Their fourth album, Ty (You), was the third zone rock album locally released during late 1971. It was a much Jethro’s Tuil influenced work with a strong sound of flute. Folkish feel was kept for their next long-play, En Grota Rzeże Męći (In the Cave of the Mountain King) in 1973, having a strong musical quotation to Edvard Grieg and tracks increasingly longer and complex. The band toured across the RTC with success during 1974 becoming one of the most popular local zone rock acts.
If critics sympathized with the previous albums in 1975 they acclaimed Skaldi’s third zone rock album, Henryk za Natangycy (Henry of the Natangians), as one of the best local rock albums until then. Homonymous opening track (based in the life of Prussian medieval hero Herkus Monte) was by then the longest local continuous studio recording clocking at 21 minutes, being comparable to the long folky and complex suites by Exodus or Jethro's Tuil. Also they became a constant presence to local zonee festivals (being the headliner of the Rytmie Jewiętyci festival in Warsina that year) and performing in several festivals in the Holy Roman Empire and Bohemia (where they were much popular among local zonee Venedic-ethnic community).
Their fourth zone rock album, long titled Womień Je Sięgłamięc Liwry Kędy Nę Ćmie Owmięc (Man is Only Free When Doesn’t Fear the Future) once again opened with a side long track. It was released in 1977 being their creative peak so as the best local folk zone album ever. But not a good seller. Their style became then rather aggressive and dramatic being considered by many something like Jethro’s Tuil meets Lead Aeroplane meets Exodus. During this year they extensively toured across Europe (being present in all major zonee festivals in the continent) and performed occasional shows in the NAL.
Next long-play, released in 1979, was another concept album this time with just two side long tracks and keeping the aggressive sounding.It was the ever longest titled En Pacz Puprie Są Przymie Morzer, En Gwiara Są Przymie Szer Mrociewkaty (In peace the poor are the first to die, at war they are the first to be killed) nearly as good as their previous release. Once again wasn’t exactly a commercial success despite highly positive critical reviews even abroad. After these two critically acclaimed but bad selling albums their record label pressured Skaldi to release something more accessible to a wider audience. The result was a much softer folk zone work, Rześpiecziem Miemorzie (Respect the Memories), released next year and returning their style closer to Ty. Such intrusion by the record label nearly made the band to break up. It was their sixth and last zone rock album. After this one they moved back to their folk rock roots and releasing two other albums. Skaldi finally disbanded in 1982 but re-united several times since then for live performances.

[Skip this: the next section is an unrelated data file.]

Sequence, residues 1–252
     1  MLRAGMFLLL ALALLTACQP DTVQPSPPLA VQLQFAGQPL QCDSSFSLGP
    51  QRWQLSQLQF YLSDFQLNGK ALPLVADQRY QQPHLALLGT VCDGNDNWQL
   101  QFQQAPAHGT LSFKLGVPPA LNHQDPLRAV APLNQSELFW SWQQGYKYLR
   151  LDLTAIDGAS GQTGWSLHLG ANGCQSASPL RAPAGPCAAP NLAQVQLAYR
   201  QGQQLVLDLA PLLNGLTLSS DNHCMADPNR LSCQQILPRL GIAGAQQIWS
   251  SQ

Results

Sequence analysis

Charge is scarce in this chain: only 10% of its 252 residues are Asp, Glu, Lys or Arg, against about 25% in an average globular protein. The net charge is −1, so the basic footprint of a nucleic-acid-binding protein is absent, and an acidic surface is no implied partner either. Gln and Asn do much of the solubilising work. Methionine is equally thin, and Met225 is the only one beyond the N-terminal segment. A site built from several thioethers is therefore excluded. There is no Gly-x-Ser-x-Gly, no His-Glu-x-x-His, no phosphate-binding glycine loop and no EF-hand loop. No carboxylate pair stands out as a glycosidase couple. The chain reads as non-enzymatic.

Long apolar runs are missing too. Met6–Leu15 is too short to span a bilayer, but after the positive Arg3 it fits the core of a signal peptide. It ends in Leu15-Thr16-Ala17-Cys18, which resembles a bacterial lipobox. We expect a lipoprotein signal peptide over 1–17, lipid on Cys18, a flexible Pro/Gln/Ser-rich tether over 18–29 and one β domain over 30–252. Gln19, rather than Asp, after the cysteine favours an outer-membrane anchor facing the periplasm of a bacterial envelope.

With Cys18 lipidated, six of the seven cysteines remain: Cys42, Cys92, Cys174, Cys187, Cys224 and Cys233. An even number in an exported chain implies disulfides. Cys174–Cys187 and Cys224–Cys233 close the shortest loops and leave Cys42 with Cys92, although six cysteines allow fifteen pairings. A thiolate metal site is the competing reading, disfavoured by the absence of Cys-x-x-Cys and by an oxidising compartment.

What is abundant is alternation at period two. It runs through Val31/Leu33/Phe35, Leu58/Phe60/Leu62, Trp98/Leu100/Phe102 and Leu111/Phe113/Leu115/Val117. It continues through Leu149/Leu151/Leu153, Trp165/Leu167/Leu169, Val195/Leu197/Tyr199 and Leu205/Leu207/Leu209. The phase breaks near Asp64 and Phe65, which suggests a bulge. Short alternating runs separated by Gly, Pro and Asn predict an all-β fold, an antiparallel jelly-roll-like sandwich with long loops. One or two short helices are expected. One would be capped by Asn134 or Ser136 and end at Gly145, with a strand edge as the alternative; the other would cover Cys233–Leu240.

Republika Dwar Korunar
Republika Dwar Korunar’s name (Republic of the Two Crowns), from Turoń (*Here’s* Toruń), was mostly a political statement. Instead the real life Rzejpybiełka as an elective monarchy they prefered an ordinary republic (republika) without aristocrats and kings.
Existing since 1972 they finally debuted three years later with Dziedzikaty o Dziemięca (Dedicated to Insanity) which was well accepted by the critics who considered it one of the most adventurous albums that year, but sold poorly. Ever since the band’s style was established: a mix of several influences (jass, klezmer, folk, polka and even circus music). In their debut album there are even parts which sound exactly as hair metal, a rock genre which only appeared some years later. Despite not a big seller the band was able to gather a cult round them and their fans often used a fictional flag of the RTC (the country) which instead its cross was a horizontal red-white-red triband.